Analysis: Brands reclaim their English pride

With St George’s Day approaching, brands are increasingly keen to ally themselves with England’s patron saint. Ian Hall asks what has happened to make Englishness, often linked with less savoury characteristics, sellable

When England wakes up to St George's Day on Sunday, a slew of brands will be on hand to help it celebrate the patron saint.

Charles Wells, for one, has blazed a pro-England trail for its Bombardier beer, and relishes the commercial potential of 23 April.

It even has a clock on its website counting down to England's historically unexploited national day.

Sarah McGhie, PR manager at the Bedford-based brewer, says: 'Our ad agency – Team Saatchi – looked at the concept of Englishness for us back in 1998, and there seemed to be a gap in the market for promoting patriotism. "Ownership" of St George's Day was there for the taking.'

English pride, though, often conjures up images of football hooligans and the far-right, a fact that has caused many brands to steer clear of association. McGhie admits that getting Bombardier's pro-St George agenda off the ground was tough media-wise. 'When we started this, the national media just weren't interested – they had their own agenda about the National Front and British National Party,' she says.

'Getting our message across that patriotism can be celebrated was the hardest work I have ever had to do in PR, harder even than my work in crisis management. But press attitudes have changed a great deal in the past couple of years.'

Gaining support
Bombardier's campaign has involved more than consumer promotions. Crucially, it got The Publican onside for a campaign pointing out the bizarre fact that (until more liberal licensing laws came into force five months ago) pubs could get a late licence for St Patrick's Day but not for St George's Day.

With that battle won (albeit by default), Charles Wells is stepping up the pressure on politicians to make St George's Day a bank holiday.

The English Beef & Lamb Executive, which uses Good Relations
Consumer, is also campaigning for St George's Day to be made a bank holiday. Activity last year included getting cricket legend Ian 'Beefy' Botham to hand ribs of beef to politicians at party HQs (its slogan was Beef up St George's Day). It also ran a poetry competition for the best 'Ode to Beef', and visited radio stations with Yorkshire puddings (and, of course, beef).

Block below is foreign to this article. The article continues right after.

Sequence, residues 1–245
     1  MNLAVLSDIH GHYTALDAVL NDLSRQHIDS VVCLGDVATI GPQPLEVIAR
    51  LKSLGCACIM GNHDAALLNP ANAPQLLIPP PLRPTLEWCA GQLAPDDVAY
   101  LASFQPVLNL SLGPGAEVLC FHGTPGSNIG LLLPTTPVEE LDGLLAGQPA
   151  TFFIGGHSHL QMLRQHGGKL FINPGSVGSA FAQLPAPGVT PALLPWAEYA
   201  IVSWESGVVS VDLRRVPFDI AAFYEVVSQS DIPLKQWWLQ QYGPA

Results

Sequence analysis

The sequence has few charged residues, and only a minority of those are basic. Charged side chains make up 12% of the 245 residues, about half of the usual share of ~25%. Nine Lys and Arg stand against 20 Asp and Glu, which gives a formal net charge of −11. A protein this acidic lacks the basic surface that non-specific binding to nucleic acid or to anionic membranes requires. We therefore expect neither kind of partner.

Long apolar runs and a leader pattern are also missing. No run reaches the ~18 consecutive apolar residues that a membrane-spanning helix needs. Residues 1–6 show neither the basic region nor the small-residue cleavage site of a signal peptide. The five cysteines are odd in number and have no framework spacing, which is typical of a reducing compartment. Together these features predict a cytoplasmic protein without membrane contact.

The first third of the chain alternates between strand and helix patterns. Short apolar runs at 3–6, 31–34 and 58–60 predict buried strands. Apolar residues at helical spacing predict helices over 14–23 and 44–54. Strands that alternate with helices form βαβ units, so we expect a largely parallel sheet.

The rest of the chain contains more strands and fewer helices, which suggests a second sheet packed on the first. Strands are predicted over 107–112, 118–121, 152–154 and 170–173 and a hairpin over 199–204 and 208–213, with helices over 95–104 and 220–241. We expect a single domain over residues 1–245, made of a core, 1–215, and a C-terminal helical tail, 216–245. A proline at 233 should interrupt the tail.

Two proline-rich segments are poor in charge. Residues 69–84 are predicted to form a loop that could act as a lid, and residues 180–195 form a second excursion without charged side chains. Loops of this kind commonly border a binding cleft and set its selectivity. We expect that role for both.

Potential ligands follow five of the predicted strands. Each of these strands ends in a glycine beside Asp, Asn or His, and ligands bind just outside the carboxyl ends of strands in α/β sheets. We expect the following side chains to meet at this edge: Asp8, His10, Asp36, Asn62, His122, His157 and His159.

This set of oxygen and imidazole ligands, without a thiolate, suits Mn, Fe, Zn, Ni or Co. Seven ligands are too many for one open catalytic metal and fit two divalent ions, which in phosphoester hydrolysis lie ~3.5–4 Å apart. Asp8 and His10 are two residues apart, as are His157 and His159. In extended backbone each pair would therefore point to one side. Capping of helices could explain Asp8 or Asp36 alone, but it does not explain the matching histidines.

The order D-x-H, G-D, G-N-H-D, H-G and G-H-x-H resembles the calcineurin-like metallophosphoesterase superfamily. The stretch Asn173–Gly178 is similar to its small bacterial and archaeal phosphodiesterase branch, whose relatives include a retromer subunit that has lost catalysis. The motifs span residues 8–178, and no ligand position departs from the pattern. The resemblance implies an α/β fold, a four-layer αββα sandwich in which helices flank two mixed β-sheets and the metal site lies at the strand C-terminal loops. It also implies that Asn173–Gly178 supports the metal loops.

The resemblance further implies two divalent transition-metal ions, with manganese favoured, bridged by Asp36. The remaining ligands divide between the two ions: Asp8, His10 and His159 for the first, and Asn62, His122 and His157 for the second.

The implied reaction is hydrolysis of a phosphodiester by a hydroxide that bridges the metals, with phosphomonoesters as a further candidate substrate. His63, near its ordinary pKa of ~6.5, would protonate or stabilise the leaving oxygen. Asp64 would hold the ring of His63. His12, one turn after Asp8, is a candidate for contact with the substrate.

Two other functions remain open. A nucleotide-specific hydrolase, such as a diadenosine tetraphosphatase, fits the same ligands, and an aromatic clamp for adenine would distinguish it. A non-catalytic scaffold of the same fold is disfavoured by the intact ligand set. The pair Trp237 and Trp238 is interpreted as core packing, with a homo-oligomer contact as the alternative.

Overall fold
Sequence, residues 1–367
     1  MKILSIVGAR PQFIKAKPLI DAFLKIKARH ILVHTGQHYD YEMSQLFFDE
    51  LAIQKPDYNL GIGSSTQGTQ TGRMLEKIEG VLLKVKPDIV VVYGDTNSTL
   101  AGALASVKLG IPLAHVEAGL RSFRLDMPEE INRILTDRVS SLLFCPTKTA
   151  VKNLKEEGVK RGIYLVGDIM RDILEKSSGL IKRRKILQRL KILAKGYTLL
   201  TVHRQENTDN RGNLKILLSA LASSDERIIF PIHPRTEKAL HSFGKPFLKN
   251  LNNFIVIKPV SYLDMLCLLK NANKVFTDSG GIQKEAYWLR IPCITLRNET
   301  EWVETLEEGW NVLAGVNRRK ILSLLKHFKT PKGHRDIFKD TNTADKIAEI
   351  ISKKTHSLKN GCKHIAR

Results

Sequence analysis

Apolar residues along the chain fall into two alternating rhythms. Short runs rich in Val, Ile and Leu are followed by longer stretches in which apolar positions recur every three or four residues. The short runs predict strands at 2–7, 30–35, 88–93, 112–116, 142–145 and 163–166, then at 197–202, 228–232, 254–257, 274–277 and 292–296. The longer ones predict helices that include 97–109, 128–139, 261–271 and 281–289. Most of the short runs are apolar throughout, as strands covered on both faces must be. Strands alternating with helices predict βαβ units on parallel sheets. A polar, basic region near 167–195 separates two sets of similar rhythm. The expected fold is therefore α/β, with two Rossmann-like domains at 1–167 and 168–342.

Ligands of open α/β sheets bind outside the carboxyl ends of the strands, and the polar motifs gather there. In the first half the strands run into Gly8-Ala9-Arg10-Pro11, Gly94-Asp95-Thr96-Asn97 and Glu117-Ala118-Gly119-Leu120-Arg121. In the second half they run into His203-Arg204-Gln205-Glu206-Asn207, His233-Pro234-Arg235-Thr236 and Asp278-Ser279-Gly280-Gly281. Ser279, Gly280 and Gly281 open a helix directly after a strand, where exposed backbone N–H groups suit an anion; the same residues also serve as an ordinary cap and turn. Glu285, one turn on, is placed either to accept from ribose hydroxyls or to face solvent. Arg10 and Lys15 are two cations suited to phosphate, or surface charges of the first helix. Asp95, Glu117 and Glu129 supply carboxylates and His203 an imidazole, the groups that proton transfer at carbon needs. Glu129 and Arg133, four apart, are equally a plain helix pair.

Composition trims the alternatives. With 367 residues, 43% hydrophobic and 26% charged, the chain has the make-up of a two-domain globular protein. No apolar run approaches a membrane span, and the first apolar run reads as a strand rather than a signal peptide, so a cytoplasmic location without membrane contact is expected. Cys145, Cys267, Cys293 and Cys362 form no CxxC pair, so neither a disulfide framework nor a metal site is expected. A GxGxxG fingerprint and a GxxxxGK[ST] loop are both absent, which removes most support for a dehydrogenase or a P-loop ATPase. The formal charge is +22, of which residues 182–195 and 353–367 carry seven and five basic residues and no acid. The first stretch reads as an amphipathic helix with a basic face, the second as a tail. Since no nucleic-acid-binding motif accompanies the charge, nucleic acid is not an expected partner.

Good Relations associate director Christine Morgan admits: 'St George's Day is becoming more congested with brands trying to make noise.'

This year the agency is promoting a search for 'modern-day heroes' (a similar initiative is already up and running from the Department for Culture, Media and Sport, which launched 'Icons – a Portrait of England', in January).

The supermarkets, too, are ever more eagerly involved. Sainsbury's will this year run promotions on English drinks (including Bombardier) and sell specially decorated cakes; Tesco will have themed in-store displays; and Asda stores will receive a 'huge' St George's flag, with staff dressed up in costumes.

Asda PR manager Sian Horner says: 'For St Patrick's Day, everyone celebrates with a Guinness, silly hat and traditional Irish fare, while St George's Day has faded into the background. Things are starting to change – our customers are excited about being English and want to celebrate that fact – we're giving them a helping hand.'

Promotion of this Thursday's (20 April) annual Enjoy England Awards for Excellence will also be tied in to St George's Day in a campaign by BGB Communications. Meanwhile, Capital Radio and ITV1's London Tonight are jointly running a poll on 'what makes London great' to tie in with 23 April.

Attitude shift
Colin Tabor, who runs two-year-old website, argues: 'The tide has turned and St George's Day is coming to the forefront.'

His clothing line – under the slogan 'A Day for England' – is, he says, merely 'the acorn' for grander ambitions: he wants to team up with 'a big retailer' to give his campaign a further boost.

But many brands continue to shy away from association with St George's Day. One problem is that England has strong regional identities, while Bell Pottinger Consumer creative director Matt Fearnley points to another issue: 'Clarity is crucial to successful comms and the problem with Englishness is that it is such a confused notion. We suffer from a national schizophrenia – sometimes we're embarrassed of Englishness, and other times we're proud of it.'

Superbrands UK CEO Ben Hudson points out: 'A significant number of brands use their national heritage effectively. But mass-market brands are taking a more global perspective.'

So is there a business case for tying in with St George? In Bombardier's case, evidence is overwhelmingly positive. The Publican editor Caroline Nodder says: 'Cask ales had a beer-and-sandles image, and Charles Wells faced a declining market. Now its brand is seen as a category leader and is recognised nationally. The firm's profile has lifted thanks to Bombardier.'

Where there is money to be made and reputations to be boosted, more brands will surely follow. Charles Wells three years ago commissioned research showing that by becoming a more celebrated occasion, the day might generate as much as £39m in additional consumer expenditure, with pubs alone raking in £14m.

St George might hail from beyond these shores but his personal brand is likely to have an ever higher stock in the nation that claims him as its patron saint.

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